Regulation of p53 in the red-eared slider (Trachemys scripta elegans) in response to salinity stress
The freshwater red-eared slider (Trachemys scripta elegans) is found not only in freshwater but also in coastal saline habitats. Hyperosmotic salinity can induce cell damage. p53, regarded as the guardian of the genome, is very important and versatile in response to the change of environment. In this study, the role of p53 in T. s. elegans under environmental salinity change will be explored. The results indicated that amino acid sequence of p53 showed high similarity to p53 of other species. In addition, the expression of p53 showed differences in various tissues under normal condition. Under salinity stress, the mRNA levels of p53 in the liver increased significantly at 48 h with 15‰ group (15 practical salinity units-exposed group). In the heart, p53 mRNA levels increased at 6 h in 5‰ (5 practical salinity units) and 15‰ groups. Furthermore, the changes of p21 mRNA expression levels in liver and heart were similar to p53, while cyclin D1, cyclin-dependent kinase4 (CDK4) and cyclin-dependent kinase6 (CDK6) showed opposite changes to p53. Moreover, Bax and caspase 3 mRNA expression levels were similar to p53, respectively, while Bcl-2 showed opposite changes. The positive cells of apoptosis were found in the liver of 15‰ at 48 h and 30 d of chronic stress. Taken together, these results indicated that the T. s. elegans may protect itself by regulating cell cycle progression and apoptosis of damaged cells under salinity stress, which played an important role for T. s. elegans in salinity adaptation.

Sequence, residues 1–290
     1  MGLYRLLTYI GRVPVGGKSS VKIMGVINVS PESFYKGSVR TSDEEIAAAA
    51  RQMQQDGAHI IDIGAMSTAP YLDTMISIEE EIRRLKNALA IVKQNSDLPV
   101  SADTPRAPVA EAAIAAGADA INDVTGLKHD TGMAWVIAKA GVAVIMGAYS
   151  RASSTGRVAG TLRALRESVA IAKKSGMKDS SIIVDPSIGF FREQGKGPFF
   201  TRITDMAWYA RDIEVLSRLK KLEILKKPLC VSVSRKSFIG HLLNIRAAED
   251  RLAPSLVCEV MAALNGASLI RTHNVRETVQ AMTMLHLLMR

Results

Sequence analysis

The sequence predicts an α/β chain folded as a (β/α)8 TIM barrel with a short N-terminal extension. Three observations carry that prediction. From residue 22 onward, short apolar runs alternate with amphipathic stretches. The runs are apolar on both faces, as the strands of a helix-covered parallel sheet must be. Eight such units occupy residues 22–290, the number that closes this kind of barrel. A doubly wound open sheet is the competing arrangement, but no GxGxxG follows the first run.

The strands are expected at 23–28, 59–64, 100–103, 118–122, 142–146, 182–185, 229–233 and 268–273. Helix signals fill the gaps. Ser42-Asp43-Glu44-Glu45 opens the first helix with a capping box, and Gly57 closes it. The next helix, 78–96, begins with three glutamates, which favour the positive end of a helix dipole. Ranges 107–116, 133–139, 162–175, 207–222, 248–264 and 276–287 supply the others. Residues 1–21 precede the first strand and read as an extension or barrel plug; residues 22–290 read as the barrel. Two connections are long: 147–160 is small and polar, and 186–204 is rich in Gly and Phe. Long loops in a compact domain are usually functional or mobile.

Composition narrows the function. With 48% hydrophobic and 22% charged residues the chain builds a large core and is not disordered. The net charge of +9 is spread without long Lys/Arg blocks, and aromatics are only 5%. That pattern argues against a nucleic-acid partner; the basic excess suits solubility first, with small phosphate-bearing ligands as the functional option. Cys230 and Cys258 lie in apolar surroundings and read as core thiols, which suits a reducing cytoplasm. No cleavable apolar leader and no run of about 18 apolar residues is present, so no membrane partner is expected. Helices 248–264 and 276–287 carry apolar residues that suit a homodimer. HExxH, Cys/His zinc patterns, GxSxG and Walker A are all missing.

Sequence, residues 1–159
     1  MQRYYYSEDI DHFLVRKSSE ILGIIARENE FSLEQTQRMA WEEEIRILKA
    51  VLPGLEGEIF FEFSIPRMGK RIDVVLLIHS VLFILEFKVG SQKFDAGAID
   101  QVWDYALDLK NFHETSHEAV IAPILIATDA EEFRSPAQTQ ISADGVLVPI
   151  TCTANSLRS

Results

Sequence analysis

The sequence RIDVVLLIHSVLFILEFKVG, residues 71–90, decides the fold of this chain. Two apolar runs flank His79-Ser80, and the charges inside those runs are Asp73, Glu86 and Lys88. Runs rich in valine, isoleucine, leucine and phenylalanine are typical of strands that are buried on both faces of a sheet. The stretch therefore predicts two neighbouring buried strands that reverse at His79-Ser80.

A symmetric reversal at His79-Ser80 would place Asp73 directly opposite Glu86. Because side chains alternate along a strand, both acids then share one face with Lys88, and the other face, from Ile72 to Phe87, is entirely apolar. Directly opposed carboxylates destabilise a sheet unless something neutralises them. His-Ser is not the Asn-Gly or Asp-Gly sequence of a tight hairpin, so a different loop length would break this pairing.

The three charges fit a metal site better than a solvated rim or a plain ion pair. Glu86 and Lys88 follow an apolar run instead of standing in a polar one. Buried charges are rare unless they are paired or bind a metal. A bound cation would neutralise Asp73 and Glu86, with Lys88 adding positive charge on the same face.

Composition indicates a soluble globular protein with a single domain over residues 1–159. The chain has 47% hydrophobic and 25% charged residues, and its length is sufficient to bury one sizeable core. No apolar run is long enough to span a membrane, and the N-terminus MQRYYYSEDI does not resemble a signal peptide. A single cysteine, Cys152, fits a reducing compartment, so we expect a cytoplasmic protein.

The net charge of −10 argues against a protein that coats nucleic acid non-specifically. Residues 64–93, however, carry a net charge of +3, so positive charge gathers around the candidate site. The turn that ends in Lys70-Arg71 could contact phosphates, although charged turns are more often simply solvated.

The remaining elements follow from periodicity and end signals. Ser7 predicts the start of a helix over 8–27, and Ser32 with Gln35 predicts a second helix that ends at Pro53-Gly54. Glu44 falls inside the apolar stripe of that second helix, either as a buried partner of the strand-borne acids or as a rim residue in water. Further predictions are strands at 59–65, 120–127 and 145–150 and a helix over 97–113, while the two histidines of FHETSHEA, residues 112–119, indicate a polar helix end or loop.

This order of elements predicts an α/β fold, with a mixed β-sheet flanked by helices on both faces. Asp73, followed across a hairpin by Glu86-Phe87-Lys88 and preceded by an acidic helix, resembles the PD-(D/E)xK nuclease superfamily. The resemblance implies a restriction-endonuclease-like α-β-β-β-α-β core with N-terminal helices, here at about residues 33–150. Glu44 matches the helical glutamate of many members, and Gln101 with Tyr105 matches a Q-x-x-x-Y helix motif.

|Keywords||Apoptosis, Biological invasive, Cell cycle arrest, Gene cloning, Gene expression, Salinity adaptation|
|Journal||Comparative Biochemistry and Physiology - C Toxicology and Pharmacology|
Li, W. (Weihao), Li, N. (Na), Liang, L. (Lingyue), Yu, Q. (Qifan), Ren, P. (Peng), Shi, H. (Haitao), … Ding, L. (Li). (2019). Regulation of p53 in the red-eared slider (Trachemys scripta elegans) in response to salinity stress. Comparative Biochemistry and Physiology - C Toxicology and Pharmacology, 221, 49–58. doi:10.1016/j.cbpc.2019.03.011